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Re: More Than Meteor Killed The Dinos
At 04:32 2006-10-25, Deinonychus47@aol.com wrote:
Based upon the stream of comet impacts on Jupiter, could not a pair of large
meteorites or comet fragments) have impacted the Yucatan at the end of the
Cretaceous Period and the evidence for what would have been the first crater
been obliterated by the close-behind second object? If a comet, it could
been torn apart by the gravity of Jupiter or even Saturn and a couple of
fragments sling-shotted at the Earth.
Multiple asteroids are fairly common, so multiple impacts certainly
happens. However these would usually occur within seconds of each other,
and not be noticeable as multiple except near the impact sites. Co-orbital
comet fragments could certainly impact over a period of several hours in
different parts of the World. However it is doubtful if the fallback
deposits far from the impact sites would be separable in this case either.
In any case the Chicxulub impactor was a chondrite, not a comet as shown by
the composition of the impact debris.
The only two mechanisms that would result in multiple impacts spread out
over a longish period (e. g. 300 000 years) are:
1). A comet shower caused by disturbance of the Oort cloud (e. g. by
another sun passing close to the solar system)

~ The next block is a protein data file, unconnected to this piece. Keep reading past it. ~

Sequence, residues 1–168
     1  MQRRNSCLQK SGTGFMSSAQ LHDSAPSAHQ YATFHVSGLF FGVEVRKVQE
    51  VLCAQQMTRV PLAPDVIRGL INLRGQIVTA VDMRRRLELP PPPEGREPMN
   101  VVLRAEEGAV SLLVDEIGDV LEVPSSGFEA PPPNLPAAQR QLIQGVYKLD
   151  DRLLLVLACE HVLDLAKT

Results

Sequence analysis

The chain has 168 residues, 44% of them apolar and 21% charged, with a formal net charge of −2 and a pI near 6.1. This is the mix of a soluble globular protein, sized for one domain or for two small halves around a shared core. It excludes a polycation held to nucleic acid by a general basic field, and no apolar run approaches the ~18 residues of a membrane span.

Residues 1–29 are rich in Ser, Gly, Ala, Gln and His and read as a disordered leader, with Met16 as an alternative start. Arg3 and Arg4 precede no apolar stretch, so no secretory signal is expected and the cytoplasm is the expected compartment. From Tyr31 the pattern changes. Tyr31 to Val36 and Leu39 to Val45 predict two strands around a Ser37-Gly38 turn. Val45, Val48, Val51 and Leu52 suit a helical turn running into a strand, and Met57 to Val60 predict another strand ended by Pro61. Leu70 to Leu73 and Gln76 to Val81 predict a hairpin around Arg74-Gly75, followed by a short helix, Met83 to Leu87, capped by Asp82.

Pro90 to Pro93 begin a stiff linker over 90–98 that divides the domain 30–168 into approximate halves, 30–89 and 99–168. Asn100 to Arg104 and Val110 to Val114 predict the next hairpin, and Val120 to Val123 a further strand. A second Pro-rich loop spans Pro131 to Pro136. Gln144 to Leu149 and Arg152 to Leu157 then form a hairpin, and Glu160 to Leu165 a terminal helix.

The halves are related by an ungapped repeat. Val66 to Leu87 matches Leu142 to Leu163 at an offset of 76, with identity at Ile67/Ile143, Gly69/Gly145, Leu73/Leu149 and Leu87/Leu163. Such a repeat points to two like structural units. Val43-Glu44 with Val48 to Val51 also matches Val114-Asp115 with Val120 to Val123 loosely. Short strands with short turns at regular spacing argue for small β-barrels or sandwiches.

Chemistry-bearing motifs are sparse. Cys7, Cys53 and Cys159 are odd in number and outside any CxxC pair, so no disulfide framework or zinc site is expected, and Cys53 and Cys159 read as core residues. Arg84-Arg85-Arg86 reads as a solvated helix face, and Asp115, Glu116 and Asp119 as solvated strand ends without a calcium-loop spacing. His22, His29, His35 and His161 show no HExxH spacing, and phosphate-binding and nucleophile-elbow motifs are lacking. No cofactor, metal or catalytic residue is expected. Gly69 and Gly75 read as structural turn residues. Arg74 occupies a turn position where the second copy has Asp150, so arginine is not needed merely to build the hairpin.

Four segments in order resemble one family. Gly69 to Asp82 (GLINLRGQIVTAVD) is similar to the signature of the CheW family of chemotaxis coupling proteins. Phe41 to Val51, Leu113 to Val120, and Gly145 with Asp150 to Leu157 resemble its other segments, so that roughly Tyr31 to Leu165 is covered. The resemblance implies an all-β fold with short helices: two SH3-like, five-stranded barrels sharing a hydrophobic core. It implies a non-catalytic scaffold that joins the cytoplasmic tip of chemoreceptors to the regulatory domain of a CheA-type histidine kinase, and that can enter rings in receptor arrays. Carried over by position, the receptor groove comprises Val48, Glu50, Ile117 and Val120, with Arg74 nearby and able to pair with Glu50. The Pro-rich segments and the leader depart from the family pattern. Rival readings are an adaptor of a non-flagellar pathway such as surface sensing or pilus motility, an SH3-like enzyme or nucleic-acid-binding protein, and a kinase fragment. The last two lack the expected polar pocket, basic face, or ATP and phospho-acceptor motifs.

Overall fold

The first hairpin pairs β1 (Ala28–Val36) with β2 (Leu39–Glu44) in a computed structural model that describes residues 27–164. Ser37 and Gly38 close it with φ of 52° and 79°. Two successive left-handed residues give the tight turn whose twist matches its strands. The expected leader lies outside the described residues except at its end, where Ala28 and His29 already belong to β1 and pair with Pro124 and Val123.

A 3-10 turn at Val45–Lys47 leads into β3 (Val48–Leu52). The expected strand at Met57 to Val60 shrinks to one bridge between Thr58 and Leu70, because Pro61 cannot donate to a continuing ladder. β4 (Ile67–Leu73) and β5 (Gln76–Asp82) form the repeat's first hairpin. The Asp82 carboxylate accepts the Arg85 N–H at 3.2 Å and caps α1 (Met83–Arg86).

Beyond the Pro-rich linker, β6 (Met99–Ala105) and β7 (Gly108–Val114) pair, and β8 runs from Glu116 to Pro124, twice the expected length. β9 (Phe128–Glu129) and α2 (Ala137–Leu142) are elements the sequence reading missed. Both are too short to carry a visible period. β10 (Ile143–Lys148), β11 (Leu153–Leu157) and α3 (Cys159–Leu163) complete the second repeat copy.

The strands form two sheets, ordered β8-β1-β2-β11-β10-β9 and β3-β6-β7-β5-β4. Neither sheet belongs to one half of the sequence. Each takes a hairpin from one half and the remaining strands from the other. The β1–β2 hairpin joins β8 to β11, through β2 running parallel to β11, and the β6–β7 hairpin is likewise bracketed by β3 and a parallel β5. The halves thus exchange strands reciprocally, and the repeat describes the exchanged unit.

2). A largish collision in the asteroid belt
3). A change in the orbit of one or more of the outer planets causing
"resonance sweeping" in the Kuiper and/or asteroid belt.
It seems likely that either 1) or 2) may have caused the striking
concentration of impacts in the late Eocene.
3) might seem outlandish but is the most likely explanation for "the late
heavy bombardment" ca 3800-3900 MYA BP
For that matter, what proof is there that the initiation of the Deccan Trap
lava flows was not caused by a meteorite/comet fragment impact?
It is indeed possible that *very* large impacts might generate lava on a
large scale. There is no definite proof that this has happened on Earth
(except on a small scale at Sudbury), but there is one clear case on Venus,
so it can happen.
It has been suggested that The Siberian Traps, the Ontong Java Plateau or
the Bushveld complex of South Africa might have originated in this way, but
the arguments aren't very strong.
In any case, as others have already pointed out, Deccan volcanism started
well before the end of the Cretaceous. Also note that there are dinosaurs
and other typical maastrichtian fossils in the intertrappan beds, so at
least the early part of the Deccan eruptions did not have too catastrophic
effects even on the (then insular) Indian continent. However it is clear
that even fissure eruptions of modest size have severe effects over
considerable areas as shown by the Laki eruption 1783 which caused mass
mortality in sheep and cattle and a consequent famine on Iceland.